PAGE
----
In 1780 Paris’s Cimitière des Innocents had become so overcrowded that decomposing corpses overflowed into the basements of nearby apartment buildings, poisoning residents with mephitic gas. In the early 1800’s, New Yorkers looked with horror upon Trinity churchyard, which had become so densely packed with bodies that its burial mounds rose several yards above street level; the “deadly miasmas” it produced were blamed for the yellow fever epidemics of 1819-1822. At the dawn of the Victorian era, cities were literally overflowing with their dead.
In Part One of The Last Great Necessity: Cemeteries in American History, David Charles Sloane describes how chronic overcrowding in urban churchyards and vaults gave rise to the rural cemetery movement in the United States, and produced some of the most beautiful landscaped environments of the nineteenth century. Rural cemeteries were more than just a change of venue; they represented a radical transformation in how Americans memorialized their dead. An idyllic new alternative to the churned-over churchyards that had been affording city dwellers with little more than temporary storage, rural cemeteries were conceived of as veritable “gardens of graves;” permanent resting places that the general public would visit in a spirit of solemn contemplation.
Founded in 1831, Boston’s Mount Auburn Cemetery was the first of its kind in the United States. Inspired by Paris’s Père Lachaise, which opened in 1804, it was designed to afford city dwellers with easy access to naturalistic landscapes, picturesque settings, and a space for tranquil reflection. “The cemetery,” writes Sloane,
was intended to be a lesson for the commercial society it mirrored. Mount Auburn provided what David Schuyler has called a “didactic landscape.” Visitors were thought to enter the cemetery in a state of anxiety and ambition and to leave calm and contemplative. They would feel a renewed respect for the dead and be reminded of human frailty. They would experience what Edgar Allen Poe called “an interval of tranquility.” The cemetery would be an island of peace in the maelstrom of society.
The idea met with considerable enthusiasm, and Mount Auburn become the prototype for scores of new cemeteries that subsequently sprang up all across the fledgling republic. Modern readers, who may be accustomed to thinking of recreational cemetery-going as an inherently creepy or morbid activity, might be surprised to learn that these were major tourist attractions in their day:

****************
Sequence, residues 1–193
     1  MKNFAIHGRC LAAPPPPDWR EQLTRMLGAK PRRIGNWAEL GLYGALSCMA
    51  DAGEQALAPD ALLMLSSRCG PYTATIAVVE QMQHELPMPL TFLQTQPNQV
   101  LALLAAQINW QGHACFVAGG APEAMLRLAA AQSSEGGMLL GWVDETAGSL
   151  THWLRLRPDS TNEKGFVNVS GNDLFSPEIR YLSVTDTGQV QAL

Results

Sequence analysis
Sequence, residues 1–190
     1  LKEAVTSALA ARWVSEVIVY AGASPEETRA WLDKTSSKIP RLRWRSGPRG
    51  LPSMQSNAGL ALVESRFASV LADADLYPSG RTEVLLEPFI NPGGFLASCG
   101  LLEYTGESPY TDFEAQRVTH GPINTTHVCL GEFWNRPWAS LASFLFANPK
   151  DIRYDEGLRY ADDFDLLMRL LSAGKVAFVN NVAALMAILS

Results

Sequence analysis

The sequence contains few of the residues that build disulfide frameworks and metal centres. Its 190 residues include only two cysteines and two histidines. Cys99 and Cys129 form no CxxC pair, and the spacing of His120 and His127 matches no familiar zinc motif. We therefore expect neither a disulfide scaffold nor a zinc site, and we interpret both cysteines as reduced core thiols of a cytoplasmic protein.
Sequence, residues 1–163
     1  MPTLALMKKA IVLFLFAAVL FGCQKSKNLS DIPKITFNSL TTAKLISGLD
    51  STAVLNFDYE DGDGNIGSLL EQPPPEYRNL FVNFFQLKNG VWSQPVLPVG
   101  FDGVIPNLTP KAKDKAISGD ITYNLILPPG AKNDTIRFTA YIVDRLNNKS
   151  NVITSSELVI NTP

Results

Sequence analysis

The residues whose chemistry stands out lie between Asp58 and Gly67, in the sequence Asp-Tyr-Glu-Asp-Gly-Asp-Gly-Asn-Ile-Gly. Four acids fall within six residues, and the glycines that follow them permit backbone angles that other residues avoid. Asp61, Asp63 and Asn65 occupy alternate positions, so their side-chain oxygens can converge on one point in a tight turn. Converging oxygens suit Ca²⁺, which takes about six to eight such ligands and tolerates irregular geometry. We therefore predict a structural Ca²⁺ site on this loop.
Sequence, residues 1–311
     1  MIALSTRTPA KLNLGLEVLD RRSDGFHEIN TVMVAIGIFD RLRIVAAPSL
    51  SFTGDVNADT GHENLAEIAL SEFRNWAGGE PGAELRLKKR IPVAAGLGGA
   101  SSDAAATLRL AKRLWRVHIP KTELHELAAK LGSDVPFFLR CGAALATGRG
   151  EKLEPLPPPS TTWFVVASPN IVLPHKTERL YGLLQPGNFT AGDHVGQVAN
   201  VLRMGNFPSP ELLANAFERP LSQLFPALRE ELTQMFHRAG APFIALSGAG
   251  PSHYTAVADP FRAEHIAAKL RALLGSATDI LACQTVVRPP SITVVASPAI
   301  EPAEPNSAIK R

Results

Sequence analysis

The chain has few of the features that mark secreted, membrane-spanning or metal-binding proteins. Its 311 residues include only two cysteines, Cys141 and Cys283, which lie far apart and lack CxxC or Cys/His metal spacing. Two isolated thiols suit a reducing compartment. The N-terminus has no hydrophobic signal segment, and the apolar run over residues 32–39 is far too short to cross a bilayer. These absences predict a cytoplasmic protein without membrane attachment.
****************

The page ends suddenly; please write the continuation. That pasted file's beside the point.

As the first planned landscapes generally open to the public in America, rural cemeteries were immensely popular. Visitors came by the thousands, and many people purchased lots for their families, including enough graves for succeeding generations. Magazine and newspaper articles celebrated new plantings and monuments. Guidebooks provided routes for visitors, information on notable families, and appropriate poetry and stories relating to the melancholy atmosphere of the cemeteries.
Indeed, rural cemeteries became so popular as to alarm social critics, who worried that they were being profaned by a frivolous public. Rochester’s newspapers warned of bars and dancing halls opening in the vicinity of Mount Hope, and raised the specter of prostitution. City dwellers used them like public parks, because public parks had not yet come along; and when they did, rural cemeteries would help to inspire their design.
Conceived of as places of introspection and moral purity, rural cemeteries often rested behind immense Gothic and Egyptian Revial gates that served to divide them from the commercial world. Once inside, visitors would explore the cemetery by way of long, winding pathways that looped around hills and ponds, constantly affording the tourist with “unexpected views and natural surprises.” Frequent twists and turns forced carriages to slow down and take notice of roadside attractions, and continually reoriented visitors toward the cemetery’s internal scenery. Hills and foliage, amplified by the cemetery’s sheer size, served to envelop the visitor within an irrational, naturalistic environment.